Mark Petherbridge

マーク・ペザーブリッジ

23 May 2019
Javascript Promise Example

This article is intended to be a short and sweet.

At work and for one of our projects we use Amazon Polly and I was assigned a JIRA ticket today to handle an error with the call to the API. At some point our application has grown bigger than originally expected and we are now getting the following error: ThrottlingException: Rate exceeded.

I feel that I must also point out that this is a great example of bad planning and as a developer you should always plan and build your applications with scalability in mind. "should" being the verb that strikes fear in developers.

Anyway, I thought great! This is just a quick fix that will be resolved using setTimeout()

After some initial digging, I found the function that made the call to AWS Polly:

function createAudioFiles(data, outputDir) {
    return new Promise((resolve, reject) => {
      let successessfullyCompletedAmount = 0;

      for ({ audioText, filename } of data) {

          createAudio(audioText, filename, outputDir)

          .then(({ status, message }) => {
            if (status == "success") {
              successessfullyCompletedAmount++;
            }

            // if all audio files have been created
            if (successessfullyCompletedAmount == data.length) {
              resolve({
                status: 'success',
                message: "successfully created audioFiles"
              })
            }

          })
      }
    });
  }

In the above function there is a for loop which contains a call to another function:

createAudio(audioText, filename, outputDir);

The only thing that is in that function is the AWS Polly SDK code so I will not list it all here. I wrapped that function call in a setTimeout() method with a 3 second timeout:

setTimeout(function() {
    createAudio(audioText, filename, outputDir);
}, 3000);

Job done, or so I thought. When I ran the code in a Terminal window I got the same Throttle Limit Exceeded message.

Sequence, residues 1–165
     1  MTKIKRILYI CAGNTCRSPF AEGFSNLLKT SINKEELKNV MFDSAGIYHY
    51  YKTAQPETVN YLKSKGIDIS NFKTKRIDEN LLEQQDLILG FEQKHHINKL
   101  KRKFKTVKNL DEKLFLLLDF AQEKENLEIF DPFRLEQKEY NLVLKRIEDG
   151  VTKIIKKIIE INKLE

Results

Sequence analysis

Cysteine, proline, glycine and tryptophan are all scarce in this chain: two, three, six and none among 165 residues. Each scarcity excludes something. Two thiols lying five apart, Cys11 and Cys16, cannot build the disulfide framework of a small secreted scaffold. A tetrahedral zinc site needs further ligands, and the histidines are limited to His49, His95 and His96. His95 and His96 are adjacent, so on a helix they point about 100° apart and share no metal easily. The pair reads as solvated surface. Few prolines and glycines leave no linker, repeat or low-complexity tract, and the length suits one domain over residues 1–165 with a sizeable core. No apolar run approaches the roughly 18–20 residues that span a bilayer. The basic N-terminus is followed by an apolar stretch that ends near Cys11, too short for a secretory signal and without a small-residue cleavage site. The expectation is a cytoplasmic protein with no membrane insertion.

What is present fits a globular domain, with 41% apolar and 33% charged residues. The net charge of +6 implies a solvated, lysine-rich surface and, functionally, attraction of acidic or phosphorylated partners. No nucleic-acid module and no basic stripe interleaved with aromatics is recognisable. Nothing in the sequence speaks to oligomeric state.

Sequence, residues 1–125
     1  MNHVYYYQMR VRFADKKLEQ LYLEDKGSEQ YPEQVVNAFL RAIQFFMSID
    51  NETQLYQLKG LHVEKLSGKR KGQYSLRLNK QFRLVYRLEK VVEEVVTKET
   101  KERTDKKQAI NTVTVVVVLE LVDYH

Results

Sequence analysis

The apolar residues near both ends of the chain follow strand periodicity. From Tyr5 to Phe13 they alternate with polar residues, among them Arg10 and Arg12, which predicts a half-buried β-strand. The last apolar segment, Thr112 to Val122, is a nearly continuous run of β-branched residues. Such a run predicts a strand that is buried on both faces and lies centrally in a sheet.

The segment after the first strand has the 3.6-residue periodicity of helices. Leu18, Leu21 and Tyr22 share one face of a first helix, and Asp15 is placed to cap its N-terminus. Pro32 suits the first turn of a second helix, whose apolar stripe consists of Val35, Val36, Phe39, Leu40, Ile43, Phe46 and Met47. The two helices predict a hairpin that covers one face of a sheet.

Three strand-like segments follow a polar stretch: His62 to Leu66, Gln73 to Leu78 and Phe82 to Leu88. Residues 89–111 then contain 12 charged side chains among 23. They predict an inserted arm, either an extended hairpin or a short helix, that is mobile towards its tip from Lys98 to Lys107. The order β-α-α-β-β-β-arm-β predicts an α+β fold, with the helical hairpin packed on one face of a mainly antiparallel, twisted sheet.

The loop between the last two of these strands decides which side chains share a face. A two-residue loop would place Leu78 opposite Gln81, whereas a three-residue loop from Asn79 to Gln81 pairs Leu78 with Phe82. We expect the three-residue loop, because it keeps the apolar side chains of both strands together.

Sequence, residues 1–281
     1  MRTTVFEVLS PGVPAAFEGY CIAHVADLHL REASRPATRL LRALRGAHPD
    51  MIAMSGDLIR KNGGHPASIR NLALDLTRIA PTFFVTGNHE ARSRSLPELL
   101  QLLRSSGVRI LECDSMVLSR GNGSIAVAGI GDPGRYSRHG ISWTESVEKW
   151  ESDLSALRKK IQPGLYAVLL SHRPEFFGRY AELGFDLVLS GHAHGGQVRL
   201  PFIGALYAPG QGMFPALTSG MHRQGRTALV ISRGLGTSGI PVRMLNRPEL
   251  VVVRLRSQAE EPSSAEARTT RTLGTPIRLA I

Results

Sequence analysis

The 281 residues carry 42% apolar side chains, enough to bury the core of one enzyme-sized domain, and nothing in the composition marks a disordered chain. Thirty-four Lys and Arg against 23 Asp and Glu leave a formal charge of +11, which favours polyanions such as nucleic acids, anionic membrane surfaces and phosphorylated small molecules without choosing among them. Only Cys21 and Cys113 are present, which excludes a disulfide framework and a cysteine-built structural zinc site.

After some further investigation I realised by oversight and the issue was even though we were adding the timeout, it only delayed each one by 5 seconds and then added the next one straight behind it. So after 5 seconds, they all ran in sequence again.

[chained photo here]

What I needed to do was break up the block of data that is been sent and then to send those in batches. When and only when the previous block was completed. We can check when all the items of the data have been resolved by using the Promise.all() method.

The Promise.all() method returns a single Promise that resolves when all of the promises passed as an iterable have resolved or when the iterable contains no promises. It rejects with the reason of the first promise that rejects.

Refactoring the function

Inside my current promise return new Promise((resolve, reject) => { … } I created another function and added a function call:

let fnGet = (arr, size) => {
    // Functionality here.
}
fnGet(data, 30);

data (arr) is what is passed into the function wrapping this one and is an array of text to convert and output filenames. 30 (size) is is the amount of requests we want to send each time. At the moment, the data contains around 500 array objects and it is this what is causing the issues. I just put 30 as a random low number but you might want to check what the rate limits are for whatever service you are using this for.